In the play, the central protagonist Macbeth, is confronted with the supernatural and the prophesy of becoming king. He cannot help but want this position, as this flaw also includes his weakness through over ambition. It is generally said that those possessing a flaw will die. The first Thane of Cawdor was a traitor, Duncan was too trusting, Banquo did not act on the knowledge he had about Macbeth’s murders, Lady Macbeth helped plot the murder of Duncan, and Macbeth destroyed the natural order and harmony of the time. All of these deaths are a result of Macbeth’s over ambition to become king, fuelled by the prophecies of the evil witches.
Macbeth fails to realize the witches never promised happiness, contentment, or safety in their words, but rather they managed to lure him in because he convinced himself that being ... ... middle of paper ... ...that he damns all who have faith in the dark forces, basically cursing at himself that he was able to be manipulated by evil. Macbeth begins to understand that he could not have it all, after all. Equivocation eventually fairly wins against our ambitious hero. The consequences of equivocation can be observed through Macbeth’s vulnerability to evil, overconfidence in dark forces, and irrational ambition. An honourable man is destroyed before our very eyes as “instruments of darkness” deceive him by their warped honesty.
Another fatal mistake in Brutus’ premeditated plan was allowing Antony to live. “And for Mark Antony, think not of him; For he can do no more than Caesar’s arm when Caesar’s head is off” (916). Brutus’ main flaw was his lack of judgment in making critical decisions for those implicated with the conspiracy. He believes it is best to leave Anton... ... middle of paper ... ... His cause seems honorable, but as murder and loss twist his judgment, we begin to see that he was mistaken. His misjudgments have led to the downfall of Rome, creating the monarchy he had wished to prevent.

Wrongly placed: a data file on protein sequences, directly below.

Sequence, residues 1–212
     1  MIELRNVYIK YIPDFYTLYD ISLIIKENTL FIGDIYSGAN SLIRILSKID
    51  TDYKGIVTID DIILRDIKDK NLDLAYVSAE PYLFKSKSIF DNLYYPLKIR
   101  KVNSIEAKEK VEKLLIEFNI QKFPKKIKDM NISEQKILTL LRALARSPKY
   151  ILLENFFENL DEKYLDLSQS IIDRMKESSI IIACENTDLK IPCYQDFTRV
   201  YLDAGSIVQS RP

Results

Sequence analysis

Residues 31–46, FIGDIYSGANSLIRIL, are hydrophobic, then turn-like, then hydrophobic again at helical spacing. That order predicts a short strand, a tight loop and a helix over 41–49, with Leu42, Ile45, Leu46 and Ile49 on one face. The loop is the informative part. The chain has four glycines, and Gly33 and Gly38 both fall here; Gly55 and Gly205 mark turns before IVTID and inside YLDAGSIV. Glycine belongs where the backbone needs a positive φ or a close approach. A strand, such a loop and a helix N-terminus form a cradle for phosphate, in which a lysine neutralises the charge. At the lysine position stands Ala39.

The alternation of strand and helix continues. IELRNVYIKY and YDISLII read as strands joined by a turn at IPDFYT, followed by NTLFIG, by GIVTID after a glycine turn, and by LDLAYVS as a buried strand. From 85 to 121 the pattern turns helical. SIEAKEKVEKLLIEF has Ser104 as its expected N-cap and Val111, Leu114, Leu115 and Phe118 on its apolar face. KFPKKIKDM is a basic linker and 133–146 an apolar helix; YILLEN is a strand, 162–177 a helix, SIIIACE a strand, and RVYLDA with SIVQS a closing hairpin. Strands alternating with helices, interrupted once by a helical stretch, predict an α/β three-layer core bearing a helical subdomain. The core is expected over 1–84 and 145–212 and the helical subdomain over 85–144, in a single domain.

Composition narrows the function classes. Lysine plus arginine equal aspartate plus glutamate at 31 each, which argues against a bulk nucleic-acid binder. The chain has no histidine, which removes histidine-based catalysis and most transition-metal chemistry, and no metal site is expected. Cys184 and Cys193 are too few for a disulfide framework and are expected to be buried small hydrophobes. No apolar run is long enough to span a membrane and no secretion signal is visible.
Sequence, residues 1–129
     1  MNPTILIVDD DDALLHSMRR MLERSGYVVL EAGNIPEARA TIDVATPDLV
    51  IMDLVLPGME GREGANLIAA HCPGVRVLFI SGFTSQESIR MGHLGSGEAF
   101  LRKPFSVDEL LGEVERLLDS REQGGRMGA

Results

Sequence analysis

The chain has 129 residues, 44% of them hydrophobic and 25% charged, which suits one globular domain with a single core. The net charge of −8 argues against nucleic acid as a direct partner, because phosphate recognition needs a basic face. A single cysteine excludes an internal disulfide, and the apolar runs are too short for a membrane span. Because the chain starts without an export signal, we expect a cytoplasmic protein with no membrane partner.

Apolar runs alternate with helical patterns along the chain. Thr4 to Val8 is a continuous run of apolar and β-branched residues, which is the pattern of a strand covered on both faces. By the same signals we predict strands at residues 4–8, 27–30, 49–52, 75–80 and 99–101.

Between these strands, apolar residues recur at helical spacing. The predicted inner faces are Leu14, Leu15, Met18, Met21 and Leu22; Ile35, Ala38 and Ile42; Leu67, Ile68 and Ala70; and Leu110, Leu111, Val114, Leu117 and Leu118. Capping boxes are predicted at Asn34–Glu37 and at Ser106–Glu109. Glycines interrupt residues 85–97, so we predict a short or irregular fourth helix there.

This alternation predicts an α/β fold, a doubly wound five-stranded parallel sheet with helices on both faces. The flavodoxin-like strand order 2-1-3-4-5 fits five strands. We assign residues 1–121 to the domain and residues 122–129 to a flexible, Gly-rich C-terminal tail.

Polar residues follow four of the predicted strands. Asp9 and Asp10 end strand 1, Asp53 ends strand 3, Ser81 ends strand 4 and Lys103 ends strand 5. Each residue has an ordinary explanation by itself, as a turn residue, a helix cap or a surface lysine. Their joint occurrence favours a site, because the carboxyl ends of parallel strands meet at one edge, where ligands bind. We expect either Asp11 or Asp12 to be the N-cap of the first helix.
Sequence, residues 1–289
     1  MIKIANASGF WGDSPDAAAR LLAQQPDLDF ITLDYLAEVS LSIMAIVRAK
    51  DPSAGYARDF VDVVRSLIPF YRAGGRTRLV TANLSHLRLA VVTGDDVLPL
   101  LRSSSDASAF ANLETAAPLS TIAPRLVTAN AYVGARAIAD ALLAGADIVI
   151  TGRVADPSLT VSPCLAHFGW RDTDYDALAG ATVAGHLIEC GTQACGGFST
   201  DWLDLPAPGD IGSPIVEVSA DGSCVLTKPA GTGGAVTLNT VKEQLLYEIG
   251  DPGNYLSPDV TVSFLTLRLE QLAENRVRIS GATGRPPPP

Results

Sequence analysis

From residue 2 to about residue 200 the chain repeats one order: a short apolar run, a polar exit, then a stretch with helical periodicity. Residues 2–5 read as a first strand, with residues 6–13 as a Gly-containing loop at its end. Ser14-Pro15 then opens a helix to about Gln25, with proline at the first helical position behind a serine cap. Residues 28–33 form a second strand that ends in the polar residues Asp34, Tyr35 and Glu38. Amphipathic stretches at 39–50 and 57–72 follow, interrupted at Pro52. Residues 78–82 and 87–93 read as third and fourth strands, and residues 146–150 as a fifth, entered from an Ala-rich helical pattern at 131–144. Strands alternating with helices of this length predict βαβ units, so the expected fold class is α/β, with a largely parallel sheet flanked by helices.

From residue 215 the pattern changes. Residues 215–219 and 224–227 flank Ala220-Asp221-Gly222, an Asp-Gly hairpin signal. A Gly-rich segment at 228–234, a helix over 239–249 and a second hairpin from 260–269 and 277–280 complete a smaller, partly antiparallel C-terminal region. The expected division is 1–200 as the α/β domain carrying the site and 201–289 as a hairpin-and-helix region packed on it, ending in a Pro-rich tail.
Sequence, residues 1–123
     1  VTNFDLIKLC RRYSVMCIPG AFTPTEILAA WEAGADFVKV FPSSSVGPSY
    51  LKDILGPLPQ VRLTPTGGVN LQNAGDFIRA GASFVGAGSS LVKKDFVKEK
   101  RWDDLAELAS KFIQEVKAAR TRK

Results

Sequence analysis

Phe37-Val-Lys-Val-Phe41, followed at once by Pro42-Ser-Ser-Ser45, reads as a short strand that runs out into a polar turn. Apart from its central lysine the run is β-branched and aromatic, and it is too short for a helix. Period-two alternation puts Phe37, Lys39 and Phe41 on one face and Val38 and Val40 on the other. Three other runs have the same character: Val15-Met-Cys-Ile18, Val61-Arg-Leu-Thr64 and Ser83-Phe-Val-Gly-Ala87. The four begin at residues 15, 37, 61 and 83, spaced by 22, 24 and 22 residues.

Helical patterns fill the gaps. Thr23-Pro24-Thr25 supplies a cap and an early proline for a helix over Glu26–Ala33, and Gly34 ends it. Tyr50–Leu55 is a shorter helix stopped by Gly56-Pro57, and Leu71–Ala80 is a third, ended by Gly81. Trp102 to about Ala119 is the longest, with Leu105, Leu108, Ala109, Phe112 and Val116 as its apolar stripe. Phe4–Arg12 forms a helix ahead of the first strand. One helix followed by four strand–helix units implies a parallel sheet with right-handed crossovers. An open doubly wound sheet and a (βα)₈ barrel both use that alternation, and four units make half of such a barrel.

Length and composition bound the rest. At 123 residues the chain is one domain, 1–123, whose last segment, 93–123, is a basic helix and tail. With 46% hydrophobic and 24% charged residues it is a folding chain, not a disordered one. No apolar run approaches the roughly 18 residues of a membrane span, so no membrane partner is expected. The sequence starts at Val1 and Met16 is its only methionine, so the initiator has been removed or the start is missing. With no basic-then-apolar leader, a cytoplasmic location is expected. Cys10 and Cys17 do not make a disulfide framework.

Insanity is defined as “[the] inability to understand the nature and consequences of one's acts or of events, matters, or proceedings in which one is involved.” In William Shakespeare’s Macbeth, the protagonist turned antagonist, Macbeth, was once “valour’s minion” (I.ii.16) a loyal and devoted nobleman of Scotland. However, he commits a heinous act of regicide in order to ascend the throne, only to become a tyrant who in the end was regarded as nothing but a “dead butcher” (V.ix.35). Macbeth was unarguably sane in the beginning of the play, however, at the end of the play its unclear whether or not Macbeth truly was a “deranged blood hound” (V.ii.32), or if he was still acting on his own accord. Critics may say that this “Bloody sceptered tyrant” (IV.iii.95), who murdered innocent people indiscriminately through the novel befell the holds of insanity, but in truth, Macbeth, whether for better or for worse, never was truly driven insane. An attribute of insanity was previously defined as the inability to understand the consequences of one’s acts or events around one, which furthers the argument that Macbeth was sane.